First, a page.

The use of wet wipes has grown considerably in recent years. You know the ones. There are baby wipes to use during diaper changes, anti-bacterial wipes for cleaning surfaces, ones for sanitizing your hands and those designed for personal use in the bathroom. While there are many different practical uses for all of these myriad wipes, there’s one thing that they all have in common: none should go into a wastewater collection system.
Go to the grocery store and walk down the aisle where the sanitary wipes intended for personal bathroom use are located. They’ll probably be in the same location as the toilet paper. Look at the packaging and you will see almost all of the products emblazoned with words like “flushable” and “disposable.” That sounds good, right? Wrong.
The claims made by these products aren’t necessarily wrong. Yes, you can dispose of the wipes, and yes, the wipes are able to be flushed down a toilet. What these products don’t mention is that the real problems start once the wipes have left the toilet bowl. Wipes like these do not break down in pipes the way that toilet paper does. Toilet paper is designed to easily break up once it has been introduced to water and the wastewater collection system. This isn’t so for the wipes.
This video from Consumer Reports perfectly illustrates this:
Once those wipes go into the wastewater collection system, they can cause all kinds of problems, including clogged pumps at the lift stations and clogged pipes as well.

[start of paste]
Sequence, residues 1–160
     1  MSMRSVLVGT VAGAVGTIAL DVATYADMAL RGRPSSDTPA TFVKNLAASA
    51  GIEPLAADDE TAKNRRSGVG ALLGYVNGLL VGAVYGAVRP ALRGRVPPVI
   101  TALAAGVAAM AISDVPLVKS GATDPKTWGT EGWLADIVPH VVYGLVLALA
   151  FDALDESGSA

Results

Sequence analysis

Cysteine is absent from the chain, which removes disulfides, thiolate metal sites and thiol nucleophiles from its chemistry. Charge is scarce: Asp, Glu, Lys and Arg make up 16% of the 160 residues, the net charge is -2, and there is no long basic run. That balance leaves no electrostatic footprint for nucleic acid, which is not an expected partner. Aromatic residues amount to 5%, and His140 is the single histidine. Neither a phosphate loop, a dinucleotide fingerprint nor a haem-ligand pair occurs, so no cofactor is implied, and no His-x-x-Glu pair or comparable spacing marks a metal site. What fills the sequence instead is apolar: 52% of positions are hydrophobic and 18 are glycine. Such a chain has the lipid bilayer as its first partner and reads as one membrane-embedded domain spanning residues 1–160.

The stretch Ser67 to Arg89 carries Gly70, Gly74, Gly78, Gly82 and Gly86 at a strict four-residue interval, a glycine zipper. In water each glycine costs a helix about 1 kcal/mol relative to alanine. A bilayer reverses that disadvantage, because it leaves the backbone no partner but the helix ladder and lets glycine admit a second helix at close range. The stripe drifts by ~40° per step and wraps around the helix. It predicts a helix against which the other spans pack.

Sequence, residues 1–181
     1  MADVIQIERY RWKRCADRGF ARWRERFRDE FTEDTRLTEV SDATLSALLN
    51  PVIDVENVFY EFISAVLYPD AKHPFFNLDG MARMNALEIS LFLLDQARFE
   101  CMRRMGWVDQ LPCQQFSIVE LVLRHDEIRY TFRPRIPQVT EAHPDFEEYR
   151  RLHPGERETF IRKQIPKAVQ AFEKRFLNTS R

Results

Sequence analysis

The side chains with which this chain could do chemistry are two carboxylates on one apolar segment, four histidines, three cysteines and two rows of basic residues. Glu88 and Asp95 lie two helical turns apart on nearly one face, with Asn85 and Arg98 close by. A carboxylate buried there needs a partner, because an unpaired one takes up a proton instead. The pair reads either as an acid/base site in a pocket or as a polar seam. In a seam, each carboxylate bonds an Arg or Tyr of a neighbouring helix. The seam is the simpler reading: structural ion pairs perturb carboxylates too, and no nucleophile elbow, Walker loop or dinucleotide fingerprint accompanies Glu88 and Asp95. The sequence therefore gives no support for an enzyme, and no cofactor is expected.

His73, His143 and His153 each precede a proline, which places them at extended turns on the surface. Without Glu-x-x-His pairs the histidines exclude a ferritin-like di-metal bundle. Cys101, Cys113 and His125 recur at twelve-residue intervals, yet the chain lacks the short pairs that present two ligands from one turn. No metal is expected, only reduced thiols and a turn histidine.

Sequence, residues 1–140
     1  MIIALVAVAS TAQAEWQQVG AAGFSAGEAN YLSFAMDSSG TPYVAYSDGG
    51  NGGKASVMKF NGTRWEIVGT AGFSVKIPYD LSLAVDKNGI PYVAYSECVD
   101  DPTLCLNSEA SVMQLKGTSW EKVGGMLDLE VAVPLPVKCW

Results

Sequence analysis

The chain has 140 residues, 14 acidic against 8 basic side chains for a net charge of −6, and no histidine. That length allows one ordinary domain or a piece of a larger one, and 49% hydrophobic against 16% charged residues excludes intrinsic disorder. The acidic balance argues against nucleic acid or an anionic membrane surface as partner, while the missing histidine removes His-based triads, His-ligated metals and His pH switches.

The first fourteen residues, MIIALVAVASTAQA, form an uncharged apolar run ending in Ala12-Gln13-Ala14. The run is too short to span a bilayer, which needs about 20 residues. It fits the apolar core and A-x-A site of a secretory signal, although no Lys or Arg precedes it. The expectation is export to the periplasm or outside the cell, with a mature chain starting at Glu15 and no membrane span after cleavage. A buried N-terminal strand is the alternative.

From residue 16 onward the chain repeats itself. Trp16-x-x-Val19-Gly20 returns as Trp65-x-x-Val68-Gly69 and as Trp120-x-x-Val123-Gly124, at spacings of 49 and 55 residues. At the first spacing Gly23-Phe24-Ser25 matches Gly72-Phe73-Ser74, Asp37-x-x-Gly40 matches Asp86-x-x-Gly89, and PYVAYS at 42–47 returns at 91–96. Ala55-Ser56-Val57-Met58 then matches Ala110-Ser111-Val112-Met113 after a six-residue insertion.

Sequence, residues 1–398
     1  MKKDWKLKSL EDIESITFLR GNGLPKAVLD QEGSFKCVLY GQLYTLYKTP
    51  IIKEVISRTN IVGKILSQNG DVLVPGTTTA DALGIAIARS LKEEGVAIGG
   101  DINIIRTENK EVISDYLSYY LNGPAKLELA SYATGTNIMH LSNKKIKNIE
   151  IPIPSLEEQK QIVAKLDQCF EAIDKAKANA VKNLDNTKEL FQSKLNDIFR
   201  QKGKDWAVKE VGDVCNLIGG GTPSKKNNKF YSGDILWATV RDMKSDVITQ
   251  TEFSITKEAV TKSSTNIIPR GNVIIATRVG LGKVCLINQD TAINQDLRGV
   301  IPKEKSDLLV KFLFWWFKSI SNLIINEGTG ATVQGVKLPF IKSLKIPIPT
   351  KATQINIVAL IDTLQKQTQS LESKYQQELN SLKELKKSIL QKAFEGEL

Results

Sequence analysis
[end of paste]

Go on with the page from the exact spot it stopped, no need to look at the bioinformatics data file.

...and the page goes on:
Wipes don’t just cause problems to BPUB’s wastewater collection system. They can also cause major problems for customers. Accumulation of wipes can ultimately lead to service interruptions, clogged pipes and sanitary sewer overflows. Those are problems that neither you nor your neighbor want to face.
The problems associated with wipes affect wastewater collection systems worldwide. England has seen all kinds problems associated with wipes. Years of FOG (fats, oils and grease) and wipes accumulated to form a 15-ton mass that caused major problems for London’s wastewater system. That “fatberg,” as it was dubbed, was said to be the size of a Boeing 747! The issues are not isolated to London, though.
Here in the United States, there is a lot of action in the court system, including a push in New York to remove “flushable” from the labels of wipes. A Supreme Court decision could even pave the way for municipalities to bill marketers for damage caused by flushable wipes, and one manufacturer even agreed to stop promoting its wipes as flushable. The results of a class action lawsuit involving cities and agencies in Minnesota and Wisconsin along with continued litigation from individual residents (one couple won a $15,000 judgment against Bloomington, Minn., because of sewer backups associated with wipes) could bring major changes in the years to come.
In the meantime, do your part and don’t forget to toss the wipes in the trash, not the toilet.